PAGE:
<p>@kgoodwin18</p>

<p>
[quote]
Would it be a good idea to send in this annotated resume along with my mid-year report to save postage money?

[/quote]
</p>

<p>Yep</p>

<p>
[quote]
in my middle school years, I was named a Duke TIP Scholar. However, upon entering high school, I've received no other information or news from this program. Could I still include it in my resume.

[/quote]
</p>

<p>Ordinarily I discourage using middle school endeavors in college resumes, but TIP is a well-respected program and your participation as a middle-schooler does show that you were qualified for--and interested in--this level of academic challenge at a early age. So go ahead and include it under a "Summer Activities" heading but don't devote a lot of space to it (i.e., no annotations ... admission folks will recognize it).</p>

<p>
[quote]
I attended Notre Dame's Seminar for African-American Scholars and Windows on Williams, a program for Williams College. I'm applying to both of these schools, they probably have record of these programs. But to other schools, would these things matter? Both programs required an application, essays, test scores, etc. and were selective.

[/quote]
</p>

<p>These programs are basically recruitment events for the sponsoring colleges. Even though OTHER colleges realize that you're applying elsewhere, there's no need to rub it in their faces. So I suggest that you customize your resume for Williams and ND. Include their programs on their respective resumes but don't share the info with other schools. (However, if you do end up sharing it, no biggie.)</p>

<p>
[quote]
I talked about a school's international RELATIONS major when they only have an international STUDIES major. How big of a deal is that? Should I try to fix it?

[/quote]
</p>

<p>xenophilia-I agree with RedSeven. In a perfect world you would have caught that small error before you sent the app, but it's no big deal, and to correct it at this point would probably just make you look a bit obsessive. Keep in mind also that, at most colleges, half the admission staff won't know the official name of the program either. ;)</p>

<p>valoriane--Here are instructions on making changes to the Common App after you've already submitted it.</p>

<p>From the Common App instructions:</p>

<p>
[quote]
Application Versions</p>

<p>The Common Application should generally be completed once, with identical copies sent to all colleges. You should create a new version if you wish to correct an error discovered after submission or provide new information not available when you first submitted the application. It is not necessary to "customize" your Common Application for individual colleges. Individual college supplements and supplemental essay questions should be used to provide special information to different colleges. Below are the steps necessary to create an alternate version.</p>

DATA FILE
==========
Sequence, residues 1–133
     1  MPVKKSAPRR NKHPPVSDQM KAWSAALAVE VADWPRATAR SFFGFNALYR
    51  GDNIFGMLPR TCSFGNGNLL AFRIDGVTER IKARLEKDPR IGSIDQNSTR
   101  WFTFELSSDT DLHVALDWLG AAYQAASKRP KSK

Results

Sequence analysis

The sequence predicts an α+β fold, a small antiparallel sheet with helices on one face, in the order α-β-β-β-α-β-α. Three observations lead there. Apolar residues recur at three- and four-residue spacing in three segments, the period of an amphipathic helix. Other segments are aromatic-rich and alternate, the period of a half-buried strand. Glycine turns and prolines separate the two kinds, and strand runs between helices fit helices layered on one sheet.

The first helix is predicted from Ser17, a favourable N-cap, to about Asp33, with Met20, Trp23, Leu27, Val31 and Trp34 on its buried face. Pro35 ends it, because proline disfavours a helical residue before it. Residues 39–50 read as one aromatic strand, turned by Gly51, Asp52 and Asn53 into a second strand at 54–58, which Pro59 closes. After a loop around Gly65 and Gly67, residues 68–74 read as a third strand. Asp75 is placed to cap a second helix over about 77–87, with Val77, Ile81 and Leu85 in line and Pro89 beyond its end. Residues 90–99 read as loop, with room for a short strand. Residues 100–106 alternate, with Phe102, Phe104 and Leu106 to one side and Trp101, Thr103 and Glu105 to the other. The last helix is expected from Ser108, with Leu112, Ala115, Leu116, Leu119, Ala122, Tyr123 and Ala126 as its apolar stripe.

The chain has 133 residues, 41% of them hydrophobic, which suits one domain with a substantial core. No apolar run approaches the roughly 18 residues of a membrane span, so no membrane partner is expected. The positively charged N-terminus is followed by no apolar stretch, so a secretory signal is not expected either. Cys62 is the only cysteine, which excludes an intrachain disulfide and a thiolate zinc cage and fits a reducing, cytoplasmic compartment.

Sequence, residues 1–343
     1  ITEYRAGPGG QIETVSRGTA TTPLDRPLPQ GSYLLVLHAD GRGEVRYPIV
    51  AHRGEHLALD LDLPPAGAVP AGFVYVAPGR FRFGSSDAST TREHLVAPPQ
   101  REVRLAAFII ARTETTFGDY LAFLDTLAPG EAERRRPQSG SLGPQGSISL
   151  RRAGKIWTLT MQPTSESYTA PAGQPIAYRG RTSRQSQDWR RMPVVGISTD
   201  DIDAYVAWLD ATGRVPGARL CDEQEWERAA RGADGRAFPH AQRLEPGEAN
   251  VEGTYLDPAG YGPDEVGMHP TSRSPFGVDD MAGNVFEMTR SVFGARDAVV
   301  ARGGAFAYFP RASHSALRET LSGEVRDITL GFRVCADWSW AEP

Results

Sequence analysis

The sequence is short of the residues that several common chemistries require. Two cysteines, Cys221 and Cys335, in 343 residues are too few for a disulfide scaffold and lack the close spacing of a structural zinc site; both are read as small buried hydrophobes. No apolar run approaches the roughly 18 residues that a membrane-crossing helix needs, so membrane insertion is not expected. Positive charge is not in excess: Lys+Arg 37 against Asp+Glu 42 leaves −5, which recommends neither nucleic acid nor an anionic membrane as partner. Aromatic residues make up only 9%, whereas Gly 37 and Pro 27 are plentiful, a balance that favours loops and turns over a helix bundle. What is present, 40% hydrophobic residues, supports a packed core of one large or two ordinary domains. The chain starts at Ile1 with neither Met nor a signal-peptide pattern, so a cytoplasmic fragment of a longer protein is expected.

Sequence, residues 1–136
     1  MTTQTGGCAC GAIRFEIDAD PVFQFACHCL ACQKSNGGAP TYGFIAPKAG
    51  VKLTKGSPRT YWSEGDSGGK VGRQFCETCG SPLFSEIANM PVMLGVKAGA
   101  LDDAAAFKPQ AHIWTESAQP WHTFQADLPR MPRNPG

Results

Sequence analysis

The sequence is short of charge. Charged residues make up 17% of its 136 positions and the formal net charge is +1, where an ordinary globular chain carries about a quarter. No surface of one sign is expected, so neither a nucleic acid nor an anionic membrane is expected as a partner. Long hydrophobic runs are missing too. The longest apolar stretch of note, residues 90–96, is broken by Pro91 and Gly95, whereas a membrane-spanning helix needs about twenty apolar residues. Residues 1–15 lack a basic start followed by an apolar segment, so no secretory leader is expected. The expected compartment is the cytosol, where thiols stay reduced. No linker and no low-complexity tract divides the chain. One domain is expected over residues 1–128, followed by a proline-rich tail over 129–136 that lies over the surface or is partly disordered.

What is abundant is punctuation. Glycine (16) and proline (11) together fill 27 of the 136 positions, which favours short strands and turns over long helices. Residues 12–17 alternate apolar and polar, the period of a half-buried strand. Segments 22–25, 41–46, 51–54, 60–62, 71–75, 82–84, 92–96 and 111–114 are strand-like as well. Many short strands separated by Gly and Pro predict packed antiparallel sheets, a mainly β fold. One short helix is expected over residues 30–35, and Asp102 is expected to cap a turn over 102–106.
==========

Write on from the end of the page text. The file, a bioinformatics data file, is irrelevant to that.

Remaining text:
<p>Step1: You must submit the Common Application to at least one institution first. You cannot create an alternate version until this has occurred.</p>

<p>Step 2: You must log out of the application then go to this special URL:
<a href="https://www.commonapp.org/CommonApp/Default.aspx?allowcopy=true%5B/url%5D"&gt;https://www.commonapp.org/CommonApp/Default.aspx?allowcopy=true&lt;/a&gt;&lt;/p>

<p>and login using your existing User Name and Password.</p>

<p>Step 3: Upon login you will be taken to the 'Common Application' page, where you will see information about the application you have already submitted. The ability to create an alternate version of your submitted Common Application is now activated, and you should click on the ‘Replicate’ link to make an alternate version of your submitted application. When this is complete, a second version will be visible on your screen and a special drop down list will appear in the upper right corner of your application. You can use this drop down to move between application versions.</p>

<p>All data from your original version of your Common Application will be transferred to your alternate version, with the exception of any documents that you uploaded. You may edit any of this information before you submit it to another institution.</p>

<p>You only need to go to the special URL the first time you create an alternative version. Thereafter, additional application versions can be made by going to the ‘Common Application’ section within your original Common Application and using the ‘Replicate’ link. You may make up to 10 versions, including the original version. You only need your original User Name and Password to access all versions.</p>